Rare American Imprints from David M. Lesser Fine Antiquarian Books

- by Michael Stillman


Rare American Imprints from David M. Lesser Fine Antiquarian Books

David M. Lesser Fine Antiquarian Books has released their Catalogue No. 158 Rare Americana. It follows their usual format – shorter form items (pamphlets, broadsides, prints, etc.) from or relating to America, overwhelmingly from late colonial times to Reconstruction. There is much in the way of political material, some ecclesiastical, some personal, and whatever else was on Americans' minds at the time. These catalogues are always filled with interesting works, even though many are cringe worthy now. Here are a few from this latest edition.


We begin with the origins of Dixie, not the land, but the song. The song was first published in 1860, an eventful year both north and south. The writer was Daniel Decatur Emmet, though on this first edition he is named simply Dan D. Emmet. The title isn't Dixie either. It is I Wish I Was in Dixie's Land. The title of the sheet music continues, Written & Composed for Bryant's Minstrels by Dan D. Emmet. Bryant's Minstrels was a blackface group, those being popular in the South, and in the North as well in those days. However, despite the timing, it was not produced for the Rebellion, but for the show. Nevertheless, it quickly gained popularity on both sides of the Mason-Dixon line. For the South, it became sort of the Confederate anthem, sung regularly by their troops. Even Abe Lincoln liked the song very much. Here is one more thing I never knew about Dixie. The South was not known as "Dixie" by many people then. It was the song that gave it its familiar name, not the other way around. One more thing – Emmet was from Ohio and wrote the song while in New York City. Item 64. Priced at $950.


Back in the 19th century, before Twitter, it was much more difficult to carry on your personal battles in public. Francis Edmonds had to go to a printer to make his self-defense known. So here is his rebuttal to charges that he used his position as a bank teller to make some unauthorized withdrawals: Defence of Francis W. Edmonds, Late Cashier of the Mechanics' Bank, Against the Charges Preferred Against Him by Its President and Assistant Cashier. Edmonds claims that he was "driven" from the bank by the aforementioned two individuals "with imputations upon my integrity." Undoubtedly there were, but from hindsight, and this all happened in 1855, it is hard to tell who was right. The charges were that Edmonds "caused large defalcations," and used "bank funds for his own personal advantage." These false charges, Edmonds explains, were "mere vague rumors," based on "bad feeling, mental delusion or self-interest." And perhaps some missing cash? Item 58. $225.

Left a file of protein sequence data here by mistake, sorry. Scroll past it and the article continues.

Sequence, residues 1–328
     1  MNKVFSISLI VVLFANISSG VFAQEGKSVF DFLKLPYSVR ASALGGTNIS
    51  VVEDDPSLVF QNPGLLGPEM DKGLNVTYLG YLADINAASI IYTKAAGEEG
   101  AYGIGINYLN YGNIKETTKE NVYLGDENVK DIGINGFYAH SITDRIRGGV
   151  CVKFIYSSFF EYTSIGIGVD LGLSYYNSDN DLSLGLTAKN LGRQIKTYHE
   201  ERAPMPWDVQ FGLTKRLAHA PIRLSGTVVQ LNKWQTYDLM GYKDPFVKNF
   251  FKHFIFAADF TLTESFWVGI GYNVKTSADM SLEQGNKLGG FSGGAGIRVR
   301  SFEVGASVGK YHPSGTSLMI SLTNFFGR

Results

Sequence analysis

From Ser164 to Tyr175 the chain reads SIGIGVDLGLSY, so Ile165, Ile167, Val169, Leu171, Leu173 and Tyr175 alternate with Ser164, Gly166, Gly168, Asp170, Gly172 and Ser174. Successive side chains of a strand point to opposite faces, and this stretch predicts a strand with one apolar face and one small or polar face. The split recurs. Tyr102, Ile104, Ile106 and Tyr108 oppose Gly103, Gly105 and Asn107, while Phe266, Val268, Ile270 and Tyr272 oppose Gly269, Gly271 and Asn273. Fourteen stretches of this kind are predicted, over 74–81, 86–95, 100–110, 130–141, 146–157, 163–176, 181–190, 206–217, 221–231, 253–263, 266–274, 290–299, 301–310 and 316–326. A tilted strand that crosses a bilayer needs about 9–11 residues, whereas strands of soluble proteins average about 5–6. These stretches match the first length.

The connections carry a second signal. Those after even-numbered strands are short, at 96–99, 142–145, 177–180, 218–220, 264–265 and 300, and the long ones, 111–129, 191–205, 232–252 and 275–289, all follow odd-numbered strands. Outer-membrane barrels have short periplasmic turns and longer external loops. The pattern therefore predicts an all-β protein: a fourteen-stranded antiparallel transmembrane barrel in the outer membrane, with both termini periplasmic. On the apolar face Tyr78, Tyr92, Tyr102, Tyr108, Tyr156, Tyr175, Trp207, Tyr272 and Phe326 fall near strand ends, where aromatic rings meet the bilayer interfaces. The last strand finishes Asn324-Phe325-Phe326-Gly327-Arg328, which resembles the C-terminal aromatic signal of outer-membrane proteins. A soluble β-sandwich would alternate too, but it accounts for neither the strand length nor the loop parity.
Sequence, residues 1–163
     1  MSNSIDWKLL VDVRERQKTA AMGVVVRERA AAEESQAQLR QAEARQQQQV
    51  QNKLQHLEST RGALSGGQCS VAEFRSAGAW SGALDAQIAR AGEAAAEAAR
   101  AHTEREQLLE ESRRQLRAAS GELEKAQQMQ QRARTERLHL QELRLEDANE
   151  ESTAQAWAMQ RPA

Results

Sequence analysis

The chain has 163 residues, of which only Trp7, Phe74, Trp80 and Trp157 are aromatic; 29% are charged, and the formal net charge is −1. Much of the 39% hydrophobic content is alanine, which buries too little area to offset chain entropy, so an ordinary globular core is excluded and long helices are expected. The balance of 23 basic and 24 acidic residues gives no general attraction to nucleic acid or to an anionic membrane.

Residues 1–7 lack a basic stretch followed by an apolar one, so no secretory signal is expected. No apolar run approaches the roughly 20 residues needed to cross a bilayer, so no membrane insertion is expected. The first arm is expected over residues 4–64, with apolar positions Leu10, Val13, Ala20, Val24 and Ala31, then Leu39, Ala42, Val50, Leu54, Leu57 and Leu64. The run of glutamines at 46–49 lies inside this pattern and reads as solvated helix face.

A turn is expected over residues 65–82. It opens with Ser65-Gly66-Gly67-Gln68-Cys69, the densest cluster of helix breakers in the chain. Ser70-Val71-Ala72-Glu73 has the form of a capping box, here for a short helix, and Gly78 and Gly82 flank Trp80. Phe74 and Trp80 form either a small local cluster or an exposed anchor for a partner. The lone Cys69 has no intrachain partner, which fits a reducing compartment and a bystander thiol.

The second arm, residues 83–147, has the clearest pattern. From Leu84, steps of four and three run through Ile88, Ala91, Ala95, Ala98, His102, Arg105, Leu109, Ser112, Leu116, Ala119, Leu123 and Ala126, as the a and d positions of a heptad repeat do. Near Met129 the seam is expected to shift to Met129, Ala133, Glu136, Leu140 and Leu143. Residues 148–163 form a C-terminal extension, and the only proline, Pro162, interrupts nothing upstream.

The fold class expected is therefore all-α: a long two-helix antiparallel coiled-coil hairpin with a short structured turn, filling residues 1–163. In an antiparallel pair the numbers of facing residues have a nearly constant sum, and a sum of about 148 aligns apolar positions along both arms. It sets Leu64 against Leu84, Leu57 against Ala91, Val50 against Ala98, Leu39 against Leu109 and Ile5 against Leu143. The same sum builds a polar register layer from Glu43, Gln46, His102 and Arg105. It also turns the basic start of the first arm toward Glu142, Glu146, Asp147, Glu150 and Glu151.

When you think of Currier & Ives, you probably think of quaint prints of America, sort of the 19th century Norman Rockwell. I never would have imagined anything ugly from them, but here is one of a series of awful, racist prints. They put out a run of prints in the 1880s, the Darktown series. These prints displayed black Americans in demeaning poses, ridiculing their intelligence. The Currier & Ives website describes them as more "in a light hearted vein, and not in an overly malicious one." It is true you need to judge people by their times, but the constant ridicule, and this is extreme, is hard to understand. Item 44 is The Darktown Fire Brigade – Hook and Ladder Gymnastics. It displays a group of black firemen who clearly have no idea how to put out a fire. A couple of them aim their hoses up in the air. Two firemen desperately try to hold onto a swaying ladder, a woman on top holding on for dear life. A third man stands by to catch her. Another holds a harpoon, ready to spear her if necessary. Two other firemen are busy blowing trumpets, while the house fire rages on. A woman upstairs desperately calls for help. Item 44. $450.


Item 11 is a land promotion, for Tierra Perfecta, or "Perfect Land" of the Mission Fathers. Lower California, the Peninsula, Now Open to Colonists. It was published by the International Land Company of Mexico in 1887. They were selling "fertile land" in the "northern or upper peninsula of Lower California." That would be Baja. Illustrations depict orange groves, bananas, and olive trees. I find it surprising that Mexico allowed such a promotion. They were seeking American settlers? Didn't they learn anything from Texas? $500.


Item 15 is a printed Letter from General C. F. Henningsen, in Reply to the Letter of Victor Hugo on the Harper's Ferry Invasion, with an Extract from the Letter of the Rev. Nathan Lord, D. D., President of Dartmouth College... from 1860. Hugo had a letter published in London in which he praised John Brown's unsuccessful attempt to liberate weaponry from Harper's Ferry to support a slave revolt. Hugo called Brown a "liberator" and "champion of Christ," who was performing a "sacred duty." These words did not sit well with Henningsen, who would soon be commanding Confederate troops. In words later repeated in images by Currier & Ives, he writes, "the negro race has a different, and, in some respects, inferior mental organization, certainly, to the Caucasian race, and probably to every other, and that he is wanting in natural capacity for freedom." Despite efforts to civilize him, he is "what they found him – a barbarian, a savage, or a slave." As for Dartmouth President Lord, a true northern man with southern principles, he predicts, "slaves will yet be called for in New England, and by New England men." $500.


David M. Lesser Fine Antiquarian Books may be reached at 203-389-8111 or dmlesser@lesserbooks.com. Their website is www.lesserbooks.com.